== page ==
3, 5 and 7, represent the points of the circle at 900 angle, as shown in Fig. 5.3.
Four more points showing intersection of the diagonals with the circle may be
obtained by the offset method. To plot point 6 in the isometric sketch, its projection
on line ad may be drawn locating point x in A-part of the figure. On line DA in Bpart of the figure, the equivalent point X may be located by measuring the distance
equal to dx. An offset may now be drawn parallel to the line DC having a length
equal to x6, point-6 is thus located. A smooth curve drawn through all points,
numbered from I to 8, will be the isometric projection of the circle which will actually
be an ellipse. Isometric paper, as shown in Fig. 5.4, may also be used to draw
isometric sketches very quickly.

Fig. 5.3 Circle in Isometric View


5.1.2 Example of Isometric Sketch From Orthographic Views
The three orthographic views are given for an object in Fig. 5.5 (A) and its isometric
sketch is to be drawn on an isometric paper. Draw rectangular box on the isometric
paper according to the total length, width and height of the object. Length
dimensions for all the parts are to be taken from the front and the top views of the
object, width dimensions from the top and the end views, and height dimensions
from the front and the end views which may be transferred to the isometric axes.
Draw curve 4 using the procedure discussed in section 5.1.1, curve 1-3-2 may now
easily be drawn seeing the shape of the inner curve. Similarly draw curve 5-7

according to the procedure and curve 6-8 by looking at the shape of the curve 5-7.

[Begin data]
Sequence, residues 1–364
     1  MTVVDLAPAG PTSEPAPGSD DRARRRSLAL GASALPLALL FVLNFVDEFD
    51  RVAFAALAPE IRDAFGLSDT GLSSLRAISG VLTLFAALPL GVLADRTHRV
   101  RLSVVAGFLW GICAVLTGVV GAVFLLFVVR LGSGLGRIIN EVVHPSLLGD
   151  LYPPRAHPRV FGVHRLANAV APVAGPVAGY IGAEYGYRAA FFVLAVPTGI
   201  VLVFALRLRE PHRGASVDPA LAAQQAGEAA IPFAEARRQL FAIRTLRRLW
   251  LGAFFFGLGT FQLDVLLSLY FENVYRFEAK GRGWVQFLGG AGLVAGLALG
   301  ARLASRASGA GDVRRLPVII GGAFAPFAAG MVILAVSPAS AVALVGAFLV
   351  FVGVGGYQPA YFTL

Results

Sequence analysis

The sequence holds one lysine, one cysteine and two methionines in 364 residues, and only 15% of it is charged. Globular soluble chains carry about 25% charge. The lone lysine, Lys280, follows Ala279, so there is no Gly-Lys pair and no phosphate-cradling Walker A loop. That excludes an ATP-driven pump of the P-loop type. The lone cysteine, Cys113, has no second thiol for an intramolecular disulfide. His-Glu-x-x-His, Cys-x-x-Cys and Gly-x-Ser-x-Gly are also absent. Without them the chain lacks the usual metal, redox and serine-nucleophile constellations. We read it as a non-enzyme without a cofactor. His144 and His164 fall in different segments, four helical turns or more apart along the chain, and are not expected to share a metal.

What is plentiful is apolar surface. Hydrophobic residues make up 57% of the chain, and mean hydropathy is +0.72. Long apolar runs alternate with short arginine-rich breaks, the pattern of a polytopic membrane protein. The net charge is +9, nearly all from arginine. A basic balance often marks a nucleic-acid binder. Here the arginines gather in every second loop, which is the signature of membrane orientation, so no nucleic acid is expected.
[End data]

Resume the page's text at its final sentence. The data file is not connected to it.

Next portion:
Locate all other points and properly join to get the isometric view.

5.2 PERSPECTIVE SKETCHING


A pictorial or perspective projection is a method of producing a two-dimensional
view of a three-dimensional object that shows the height, width, and depth
simultaneously. Perspective sketching is the representation of an object as it would
appear to the eye when viewed from a definite position from the object. Camera
photograph of an object is also an example of perspective view of the object.
Projection-lines, in this case, are neither parallel to each other nor perpendicular to
the picture plane, thus, the actual dimensions are not shown here. With the help of

Fig. 5.4 Isometric Paper (Not on scale)


perspective view, an architect can exhibit as to how an object would look like after
construction.

Fig. 5.5 Construction of an Isometric View


Figure 5.6 illustrates most of the basic definitions for perspective projection. A
suitably selected point at comparable distance from the object to view the same is
called station point (SP), the eye of the observer may be considered at the same
point. A horizontal plane passing through the station point is called horizon plane.
Ground plane is the plane over which the object is placed and it is always horizontal.
Axis of vision is a line passing through the station point and running perpendicular to
the picture plane. Picture plane (PP) is a vertical plane placed in-between the object
and the observer over which the view is formed, it should be perpendicular to the
axis of vision. Intersection of the picture plane with the horizon plane and the ground
plane defines horizon line and ground line respectively. The intersecting point of axis
of vision with the picture plane is called the center of vision.

Fig. 5.6 Understanding Perspective Terms

Fig. 5.7 Concept of Vanishing Point

Objects at a distance appear to be relatively smaller than those which are near. Two parallel
lines representing the edges of a straight road seem to come closer together and then meet